For Jackson, quirky works fine

All in all, her squeaky voice, gym­nast­ic abil­it­ies, and her will­ing­ness to laugh at her­self all con­trib­uted to Vic­tor­ia Jack­son’s ca­reer.

Now she’s re­unit­ing with fel­low Sat­urday Night Live alum­nus Joe Pis­copo at Club Pis­copo, the new night­spot at the Re­sorts Casino Hotel in At­lantic City, through Aug. 7.

Jack­son spent six sea­sons — 1986 to 1992 — on SNL and be­came most fam­ous for her ap­pear­ances on the com­edy show’s Week­end Up­date with cast mem­ber Den­nis Miller, re­cit­ing po­etry while do­ing back­bends and hand­stands on the an­chor desk.

Born in 1959, Jack­son, a Miami nat­ive, was raised in a “Bible-be­liev­ing, pi­ano-play­ing, gym­nast­ic home with no TV.”

“My dad was a gym coach, so I was in the gym about five hours a day do­ing sit-ups and walk­ing on bal­ance beams from the ages of five to eight­een,” she said.

“That was my life, so I nev­er gave any thought to go­ing in­to show busi­ness.”

But after at­tend­ing Flor­ida Bible Col­lege, she went on to re­ceive a gym­nast­ic schol­ar­ship to Fur­man Uni­versity in South Car­o­lina.

“It was at Fur­man that I ap­peared in my first play,” Jack­son re­called. “I played a Ro­man slave and had a feath­er dust­er and was flirt­ing with an­oth­er Ro­man slave with the dust­er. And that made the audi­ence laugh. I had nev­er had that feel­ing be­fore. I couldn’t be­lieve I was con­trolling the whole audi­ence and mak­ing them laugh. And as soon as that happened to me, I was hooked. I just wanted to have that feel­ing again and again, and I’ve been try­ing to get it back the whole rest of my life.”

In the late 1970s, at age 19, Jack­son was spot­ted by Johnny Craw­ford, a co-star of the late-’50s tele­vi­sion series The Rifle­man, and he promptly put her in the chor­us of his nightclub act, even send­ing her a one-way tick­et to Los Angeles.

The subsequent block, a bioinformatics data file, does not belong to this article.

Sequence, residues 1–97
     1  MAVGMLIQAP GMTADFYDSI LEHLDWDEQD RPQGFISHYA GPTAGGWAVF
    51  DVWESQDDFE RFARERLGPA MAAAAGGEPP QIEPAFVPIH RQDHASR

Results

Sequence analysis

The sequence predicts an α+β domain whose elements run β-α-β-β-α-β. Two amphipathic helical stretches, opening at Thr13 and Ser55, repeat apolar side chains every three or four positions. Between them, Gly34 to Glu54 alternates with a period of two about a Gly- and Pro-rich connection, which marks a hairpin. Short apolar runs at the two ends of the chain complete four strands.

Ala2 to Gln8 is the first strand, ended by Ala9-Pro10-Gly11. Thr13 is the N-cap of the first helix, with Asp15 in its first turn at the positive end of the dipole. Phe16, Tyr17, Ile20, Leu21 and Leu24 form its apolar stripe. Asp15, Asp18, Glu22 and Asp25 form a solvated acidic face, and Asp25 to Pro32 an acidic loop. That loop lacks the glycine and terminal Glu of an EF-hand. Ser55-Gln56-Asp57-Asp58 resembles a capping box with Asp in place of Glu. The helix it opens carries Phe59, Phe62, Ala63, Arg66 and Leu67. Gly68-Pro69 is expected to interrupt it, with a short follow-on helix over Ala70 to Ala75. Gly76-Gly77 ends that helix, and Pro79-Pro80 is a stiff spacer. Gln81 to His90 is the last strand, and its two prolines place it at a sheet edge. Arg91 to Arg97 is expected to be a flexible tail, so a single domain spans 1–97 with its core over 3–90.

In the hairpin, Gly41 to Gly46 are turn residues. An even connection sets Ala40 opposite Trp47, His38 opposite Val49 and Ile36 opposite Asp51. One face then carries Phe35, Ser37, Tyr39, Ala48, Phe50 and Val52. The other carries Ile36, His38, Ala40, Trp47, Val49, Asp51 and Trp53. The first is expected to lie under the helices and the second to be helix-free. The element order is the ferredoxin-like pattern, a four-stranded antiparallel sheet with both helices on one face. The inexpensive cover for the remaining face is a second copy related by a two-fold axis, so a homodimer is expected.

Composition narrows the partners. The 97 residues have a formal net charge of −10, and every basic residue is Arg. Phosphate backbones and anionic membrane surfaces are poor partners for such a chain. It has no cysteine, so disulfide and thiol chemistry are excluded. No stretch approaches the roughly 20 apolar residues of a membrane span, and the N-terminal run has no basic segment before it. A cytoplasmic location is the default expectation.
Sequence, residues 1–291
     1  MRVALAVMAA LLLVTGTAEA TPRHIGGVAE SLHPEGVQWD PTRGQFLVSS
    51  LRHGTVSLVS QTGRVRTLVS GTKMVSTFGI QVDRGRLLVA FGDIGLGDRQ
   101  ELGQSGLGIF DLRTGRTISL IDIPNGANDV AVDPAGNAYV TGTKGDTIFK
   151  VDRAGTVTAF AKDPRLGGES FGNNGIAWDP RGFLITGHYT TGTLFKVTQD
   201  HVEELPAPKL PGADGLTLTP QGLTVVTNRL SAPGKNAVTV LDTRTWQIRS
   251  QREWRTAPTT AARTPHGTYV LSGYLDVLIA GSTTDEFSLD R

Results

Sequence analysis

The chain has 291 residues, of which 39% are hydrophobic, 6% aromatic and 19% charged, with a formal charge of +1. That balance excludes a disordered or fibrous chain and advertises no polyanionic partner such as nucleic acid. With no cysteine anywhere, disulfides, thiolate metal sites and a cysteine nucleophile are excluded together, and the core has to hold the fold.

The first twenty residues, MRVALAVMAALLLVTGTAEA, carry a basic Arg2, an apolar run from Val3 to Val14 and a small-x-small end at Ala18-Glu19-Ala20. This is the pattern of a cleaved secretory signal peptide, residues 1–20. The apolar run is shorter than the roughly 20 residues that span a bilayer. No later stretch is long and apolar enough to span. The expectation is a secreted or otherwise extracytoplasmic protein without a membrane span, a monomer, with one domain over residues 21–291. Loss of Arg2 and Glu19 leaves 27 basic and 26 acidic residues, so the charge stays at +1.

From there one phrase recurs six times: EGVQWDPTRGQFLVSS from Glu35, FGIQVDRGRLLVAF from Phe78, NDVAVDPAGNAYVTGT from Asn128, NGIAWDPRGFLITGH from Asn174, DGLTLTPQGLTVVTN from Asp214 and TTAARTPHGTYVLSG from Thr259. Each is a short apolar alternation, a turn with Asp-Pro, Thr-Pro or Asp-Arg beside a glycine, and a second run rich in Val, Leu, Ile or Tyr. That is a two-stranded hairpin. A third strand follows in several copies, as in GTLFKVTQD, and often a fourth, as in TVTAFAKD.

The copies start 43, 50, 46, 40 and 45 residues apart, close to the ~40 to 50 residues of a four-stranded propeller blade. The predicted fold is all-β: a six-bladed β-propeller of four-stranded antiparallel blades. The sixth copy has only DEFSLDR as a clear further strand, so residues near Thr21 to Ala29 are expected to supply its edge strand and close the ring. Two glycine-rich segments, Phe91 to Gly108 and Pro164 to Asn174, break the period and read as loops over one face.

Later, Craw­ford in­tro­duced Jack­son to his agent, and she went on to do some com­mer­cials. But to make ends meet, she also had to sup­port her­self as a ci­gar­ette girl, a typ­ist at the Amer­ic­an Can­cer So­ci­ety and a wait­ress at a re­tire­ment hotel.

And then came her big break. Johnny Car­son saw Jack­son and she was booked to ap­pear on his To­night Show. 

“Be­fore that,” she ex­plained, “I was do­ing a com­edy act around town that was a new art form in those days, and it was es­pe­cially rare to find a wo­man do­ing it. The wo­men who were do­ing it were mostly bru­nettes who hated men, and I was a blonde who loved men, so I stood out in the crowd.”

So did her strange antics.

“I didn’t know how to write jokes, but I knew some poems I wrote, and I could stand up­side-down longer than any­one I ever met be­cause of my gym­nast­ic back­ground,” Jack­son said.

“So I tried my act out at the Com­edy Store. I didn’t get laughs, but I got stunned si­lence, kind of like shock and awe. But I figured that was bet­ter than get­ting booed or hav­ing to­ma­toes thrown at me.”

After some 20 ap­pear­ances on Car­son’s show, Jack­son made the jump to sev­er­al movies and ap­pear­ances on TV shows, and she even­tu­ally landed on SNL — even though an au­di­tion for pro­du­cer Lorne Mi­chaels got a luke­warm re­cep­tion. She did an­oth­er “au­di­tion” for Mi­chaels while she was on The To­night Show — with Car­son’s un­der­stand­ing and per­mis­sion — and Mi­chaels agreed to hire her.

“SNL was cer­tainly the high­light of my ca­reer,” Jack­son said. “After that, you’re spoiled and noth­ing else is ever as much fun.”

Today, Jack­son is heav­ily in­to polit­ics and con­ser­vat­ive act­iv­ism, but she can still earn a laugh or two when she does per­form.

“Joe and I have a cute little act,” she said. “I sing, play the ukulele, tell jokes, and even though I’m now a grand­moth­er, the crowd really likes when I do my head­stand be­cause, at my age, it doesn’t seem hu­manly pos­sible.” ••

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